Aims of the Mentorship Programs

The ultimate goal for these mentorship programs is to assist the young men (teen boys and teen fathers) to understand the basic principles about creating a family and taking their rightful positions and responsibilities as men to both their children and wives (teen mothers).

Some of the basic principles intended for the young men include: the capacity to know that it takes two to create a pregnancy therefore each party should be held responsible for their sexual behavior. This seeks to instill a responsibility mental image to young fathers where they take up their roles as fathers to their children.

The programs also seek to lure the young men to be the responsible and the cautious ones with their sexual partners where they should make sure before intercourse they either use condoms (most preferred contraception method) or they make sure that their sexual counterparts (teen girls) have taken adequate and less harmful but effective contraceptive pills. Thus these programs enlighten the young fathers and boys to take up their role as responsible fathers and to uphold integrity as well as be cautious towards their sexual partners.

This is because male partners have strong influence over the decisions made by their counterparts (teen girls) about sex and contraception. They are also enlightened that it is a criminal offence to engage teen girls into sex so the older they are, the more they will be held criminally accountable (Brindis, Barenbaum, Sanchez-Flores, Mccarter and Chand, 2005, p. 44).

The mentorship programs also seek to develop these young men as responsible fathers as well as responsible community members by offering them education, skills, employment opportunities and hope which is aimed at building self-respect and self-determination to the young fathers in a bid to carry out their responsibilities both as responsible fathers and community members. This is also geared to respect their counterparts (teen mothers) and offer the necessary support to her and the children as well.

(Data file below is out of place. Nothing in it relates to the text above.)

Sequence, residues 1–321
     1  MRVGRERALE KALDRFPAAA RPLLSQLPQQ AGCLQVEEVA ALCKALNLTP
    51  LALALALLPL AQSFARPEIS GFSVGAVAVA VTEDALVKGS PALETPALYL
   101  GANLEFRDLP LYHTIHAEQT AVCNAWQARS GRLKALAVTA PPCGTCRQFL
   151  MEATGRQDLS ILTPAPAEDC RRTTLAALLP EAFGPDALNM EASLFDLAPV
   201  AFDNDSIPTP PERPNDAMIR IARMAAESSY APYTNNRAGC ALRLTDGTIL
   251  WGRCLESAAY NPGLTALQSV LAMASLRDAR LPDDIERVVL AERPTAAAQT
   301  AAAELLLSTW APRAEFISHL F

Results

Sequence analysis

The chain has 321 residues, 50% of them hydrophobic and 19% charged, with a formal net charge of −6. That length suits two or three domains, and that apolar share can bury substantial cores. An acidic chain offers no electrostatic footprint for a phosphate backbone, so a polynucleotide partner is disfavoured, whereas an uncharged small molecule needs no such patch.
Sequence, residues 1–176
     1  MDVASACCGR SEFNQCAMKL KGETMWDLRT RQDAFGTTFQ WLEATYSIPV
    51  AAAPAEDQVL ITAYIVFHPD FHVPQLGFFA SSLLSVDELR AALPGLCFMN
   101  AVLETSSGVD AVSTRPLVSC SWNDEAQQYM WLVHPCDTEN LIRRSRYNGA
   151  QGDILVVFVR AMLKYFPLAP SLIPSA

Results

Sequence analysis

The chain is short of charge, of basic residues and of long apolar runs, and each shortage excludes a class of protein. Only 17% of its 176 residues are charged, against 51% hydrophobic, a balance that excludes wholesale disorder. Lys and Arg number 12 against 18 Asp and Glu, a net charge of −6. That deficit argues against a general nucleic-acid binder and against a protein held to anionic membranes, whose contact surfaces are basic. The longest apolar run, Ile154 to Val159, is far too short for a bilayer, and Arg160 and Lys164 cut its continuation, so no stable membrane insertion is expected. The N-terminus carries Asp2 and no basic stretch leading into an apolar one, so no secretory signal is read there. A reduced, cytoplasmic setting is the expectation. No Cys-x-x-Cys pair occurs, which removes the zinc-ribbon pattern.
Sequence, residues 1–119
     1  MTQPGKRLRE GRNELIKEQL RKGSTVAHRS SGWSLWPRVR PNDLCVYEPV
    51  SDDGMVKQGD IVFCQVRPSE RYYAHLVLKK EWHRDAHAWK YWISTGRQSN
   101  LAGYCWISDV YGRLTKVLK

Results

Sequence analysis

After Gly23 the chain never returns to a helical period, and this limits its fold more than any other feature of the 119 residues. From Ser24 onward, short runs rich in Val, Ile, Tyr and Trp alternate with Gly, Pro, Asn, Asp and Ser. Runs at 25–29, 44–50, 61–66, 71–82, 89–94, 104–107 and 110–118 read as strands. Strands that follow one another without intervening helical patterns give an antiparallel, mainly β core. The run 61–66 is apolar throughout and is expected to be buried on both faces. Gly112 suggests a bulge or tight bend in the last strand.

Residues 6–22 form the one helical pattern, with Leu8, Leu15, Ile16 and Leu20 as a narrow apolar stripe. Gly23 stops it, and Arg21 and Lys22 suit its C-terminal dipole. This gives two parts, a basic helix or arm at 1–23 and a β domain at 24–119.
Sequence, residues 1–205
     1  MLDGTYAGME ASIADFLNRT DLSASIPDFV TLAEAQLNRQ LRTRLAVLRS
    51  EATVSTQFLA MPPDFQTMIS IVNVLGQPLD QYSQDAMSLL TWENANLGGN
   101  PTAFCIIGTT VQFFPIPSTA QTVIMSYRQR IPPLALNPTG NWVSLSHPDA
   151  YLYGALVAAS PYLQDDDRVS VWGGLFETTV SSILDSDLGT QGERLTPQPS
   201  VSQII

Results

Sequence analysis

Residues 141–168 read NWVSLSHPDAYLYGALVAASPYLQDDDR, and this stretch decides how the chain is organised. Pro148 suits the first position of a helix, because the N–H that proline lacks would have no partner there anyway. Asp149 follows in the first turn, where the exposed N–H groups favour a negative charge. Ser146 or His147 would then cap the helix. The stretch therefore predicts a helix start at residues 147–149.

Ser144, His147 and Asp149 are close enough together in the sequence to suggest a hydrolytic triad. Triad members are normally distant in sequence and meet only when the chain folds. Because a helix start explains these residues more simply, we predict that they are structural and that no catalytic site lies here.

The Underlying Issues

To tap into these young men and fathers, there is a need to understand how they think and react under certain conditions or pressures especially the ones related to sex and parenting. For instance, teen boys below the age of 14 years are more likely to listen and comply with what their parents or adults tell them and this is called male-invulnerability. On the other hand, teens at their later ages tend to develop a more realistic sense of the risks associated with sexual behaviors.

Though there are other underlying conditions which need to be addressed in the mentorship programs such as family environment, class, race, family attitudes, sexual partners’ views and opinions towards them. The programs should also seek to help these young fathers realize their full potentials as well as their contributions to the world which would help them be mature and rational when making decisions pertaining to issues like abortion and regard to human life.

They also need to understand how to develop their sense of identity. The programs also need to address the pursuit for autonomy and independence for these teen fathers as well as their relationship connections with their families (Ngu and Florsheim, 2011, p. 196). This as well wills increase their understanding and approach to their sexual activities, contraceptive use and the responsibility they owe to their children and teen-mothers.

Tactics Used in Mentorship Programs

The programs seek to use a number of techniques so as to be in a position to lure the young fathers into accepting their rightful responsibilities as parents. There is a dire need for the mentors to first understand the language these teens use. That is, they should speak the cultural language of participating boys and teens.

This is because often teens tune out certain messages that do not sound credible. Therefore, the need for the mentors to learn and understand the teen language for it is through this that the teen fathers/boys gain credibility and meaning of what their mentors want to say and it creates a depth meaning to them.

Therefore, these programs should always seek to ask questions and at the same time learn what teen boys think, what it is that excites them, what it is that they yearn to become in future and from this the program’s curriculum can be well conditioned to these preferences and tastes among these young boys.

This approach gets the teens to perceive and decipher the intended message thus the program becomes successful in its own right. For the example, Los Compadres which is located in Santa Barbara (California) has a mentorship program which teaches young men and teen fathers the true meaning of being a responsible man (Government of Alberta, 2009, p. 1).